Singers pay the price and take the risk because it’s in our code. But in nature, we’re rare. Sure, a dog can learn to recognize some words, maybe croon a reply. But only vocal learners, as Jarvis calls us, truly learn to sing. We announce our presence, defend our territory. But mostly, we’re singing for love.
So the science of vocal learning wears the sheen of romance. But behind the curtain, the mechanics get murky. You can’t pick the locks of genetics and neurobiology without meticulous, mind-bending work. And that’s where Erich Jarvis thrives.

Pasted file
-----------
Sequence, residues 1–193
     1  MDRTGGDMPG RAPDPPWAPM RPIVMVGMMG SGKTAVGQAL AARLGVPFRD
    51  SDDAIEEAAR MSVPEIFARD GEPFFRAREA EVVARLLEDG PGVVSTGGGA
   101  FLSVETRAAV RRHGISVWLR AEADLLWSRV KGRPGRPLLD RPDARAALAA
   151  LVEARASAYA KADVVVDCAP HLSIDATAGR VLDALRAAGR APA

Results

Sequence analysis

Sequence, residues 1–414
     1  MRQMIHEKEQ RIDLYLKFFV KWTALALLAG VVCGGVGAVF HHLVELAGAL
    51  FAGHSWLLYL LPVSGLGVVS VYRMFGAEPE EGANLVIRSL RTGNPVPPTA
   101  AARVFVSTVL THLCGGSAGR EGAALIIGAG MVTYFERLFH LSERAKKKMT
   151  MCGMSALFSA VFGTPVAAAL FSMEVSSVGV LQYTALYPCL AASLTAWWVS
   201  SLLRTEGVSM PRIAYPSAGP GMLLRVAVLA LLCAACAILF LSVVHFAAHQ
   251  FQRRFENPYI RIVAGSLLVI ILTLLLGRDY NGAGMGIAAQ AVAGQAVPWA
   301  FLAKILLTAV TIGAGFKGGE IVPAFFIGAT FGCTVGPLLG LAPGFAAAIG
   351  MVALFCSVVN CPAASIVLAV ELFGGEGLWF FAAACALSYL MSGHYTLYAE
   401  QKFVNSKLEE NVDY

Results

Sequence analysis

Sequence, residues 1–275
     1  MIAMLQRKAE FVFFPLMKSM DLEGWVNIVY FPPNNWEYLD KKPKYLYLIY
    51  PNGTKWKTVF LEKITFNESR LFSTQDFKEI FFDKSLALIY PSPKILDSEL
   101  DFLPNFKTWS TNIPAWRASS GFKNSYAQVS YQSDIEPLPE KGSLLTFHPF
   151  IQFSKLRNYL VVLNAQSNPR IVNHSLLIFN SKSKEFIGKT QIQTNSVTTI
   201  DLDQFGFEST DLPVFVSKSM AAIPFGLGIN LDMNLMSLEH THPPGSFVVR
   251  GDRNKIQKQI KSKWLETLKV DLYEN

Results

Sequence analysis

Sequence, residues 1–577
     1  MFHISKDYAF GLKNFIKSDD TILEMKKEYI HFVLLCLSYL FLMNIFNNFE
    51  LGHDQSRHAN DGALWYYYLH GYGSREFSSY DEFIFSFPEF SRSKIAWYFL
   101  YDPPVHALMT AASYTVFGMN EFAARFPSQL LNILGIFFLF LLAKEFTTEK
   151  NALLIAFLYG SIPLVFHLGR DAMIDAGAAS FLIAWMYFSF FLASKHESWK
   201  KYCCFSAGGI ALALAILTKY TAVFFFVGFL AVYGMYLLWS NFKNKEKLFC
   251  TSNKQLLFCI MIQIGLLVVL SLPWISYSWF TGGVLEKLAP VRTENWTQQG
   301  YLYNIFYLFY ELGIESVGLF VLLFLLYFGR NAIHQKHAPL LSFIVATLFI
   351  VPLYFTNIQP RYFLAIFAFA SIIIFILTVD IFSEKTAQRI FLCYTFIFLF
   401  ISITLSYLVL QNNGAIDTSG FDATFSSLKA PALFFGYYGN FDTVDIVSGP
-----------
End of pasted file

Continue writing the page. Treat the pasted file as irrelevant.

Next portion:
Over the course of two decades, Jarvis, with colleagues and students, has used tools such as molecular mapping to study the circuits that fire in the brain as a bird hears a tune, recreates the pattern, pulses signals to its brainstem, and jolts its feathered body into song. The goal of this work is bodacious enough for Houdini: Jarvis plans to engineer, in the brain of a non-learning species, the circuits of vocal learning. He expects to try this first in a mouse or a chicken, and work his way up to a non-human primate someday.